This is the time of year when students are receiving their financial aid awards. I’m sharing a letter today from a mom who is unhappy about financial aid letters that her son has been receiving. Lynn O’Shaughnessy
I’m a parent relatively new to the financial aid process and I have a question.
Once you have completed the FAFSA and the gov’t establishes your EFC, what does that number really mean?
I initially believed that it represented what the government thought a family could afford for a child to attend college (ie what our annual contribution should be to their education for the upcoming year). I also thought that colleges then used the EFC to gauge funds that might be made available to the prospective student.
My son has applied to some schools where the aid packages being offered do not bring us anywhere near that EFC number since we are left with balances of $10,000 to $15,000 higher than our EFC.
Is there a standard for EFC interpretation and the financial aid packages schools offer? It seems like every school’s answer is to take out a 7.9% interest Parent Plus Loan for whatever your balance might be, which is simply not a financially feasible option. My son has very good solid academic credentials and is in the upper half of the accepted student profile for each school he has applied to.
Answer to Mom’s Questions
I sympathize with this mom. Like a lot of parents, Denise assumed that the family would only have to pay their Expected Family Contribution. Usually that’s not the case.
Most people will end up paying more than their EFC because the vast majority of schools do not meet 100% of need. Here’s an example of a school meeting 100% of need.
School’s cost of attendance: $50,000
Demonstrated need: $35,000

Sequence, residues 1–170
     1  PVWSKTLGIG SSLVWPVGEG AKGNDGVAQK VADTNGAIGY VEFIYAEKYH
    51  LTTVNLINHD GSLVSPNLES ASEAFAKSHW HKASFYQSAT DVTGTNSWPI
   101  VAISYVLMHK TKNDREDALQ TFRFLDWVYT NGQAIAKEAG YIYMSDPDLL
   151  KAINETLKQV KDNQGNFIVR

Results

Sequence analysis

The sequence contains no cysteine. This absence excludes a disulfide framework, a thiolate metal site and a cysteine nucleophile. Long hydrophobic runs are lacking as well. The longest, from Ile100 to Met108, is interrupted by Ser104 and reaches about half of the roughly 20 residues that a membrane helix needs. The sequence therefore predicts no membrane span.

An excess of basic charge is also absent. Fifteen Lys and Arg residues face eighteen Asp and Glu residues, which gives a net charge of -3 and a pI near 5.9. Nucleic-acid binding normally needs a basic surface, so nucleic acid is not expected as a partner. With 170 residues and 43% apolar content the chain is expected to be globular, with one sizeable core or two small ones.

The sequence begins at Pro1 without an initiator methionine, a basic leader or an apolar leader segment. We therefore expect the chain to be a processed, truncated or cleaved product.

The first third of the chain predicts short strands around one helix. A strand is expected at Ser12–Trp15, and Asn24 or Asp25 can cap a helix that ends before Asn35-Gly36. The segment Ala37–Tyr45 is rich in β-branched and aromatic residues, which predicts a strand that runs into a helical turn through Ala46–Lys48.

Financial aid grant: $35,000
There are only about five dozen schools that say that they meet 100% of need for all or most students. Unfortunately the federal government doesn’t ask institutions this important question so you can’t find these schools through the federal database that can be accessed through the federal College Navigator.
You can look for schools individually on the College Board and COLLEGEdata for this important stat. U.S. News also asks schools what percentage of need they typically meet and here is the rankings giant’s latest list of schools:
Most of the schools that meet their students’ full need are elite institution that reject the majority of their applicants. Schools with gold-plated financial aid policies include Emory, Georgetown, Northwestern, Haverford, Notre Dame and the Ivies. Of course, as I mention in my book, the majority of students at these schools are rich and are paying full price.
Beyond these elite schools, the generosity of colleges and universities vary significantly. I picked some schools at random to show you how different the aid policies can be:
- Wabash College (IN) 98% of need met, 74% of students have full need met
- College of Wooster (OH) 95% of need met, 54% of students have full need met
- Lehigh University (PA) 94% of need met, 53% of students have full need met
- Rhode Island School of Design 70% need met, 3% of students have their full need met.
- University of Colorado, Boulder 87% of need met, 42% of students have full need met.
- Canisius College (NY) 85% of need met, 24% of students have full need met.
- Huntingdon College (AL) 66% of need met, 17% full need met
- Heidelberg University (OH) 80% of need met, 19% of students had full need met
- Pepperdine University (CA) 78% of need met, 20% of students had full need met
- University of Texas, Austin 78% of need met, 14% of students had full need met
If you want your childen to get the best packages possible, they should aim for schools that meet the highest percentage of need. The higher the child is in the admission pool, the more likely he or she will receive one of the best packages.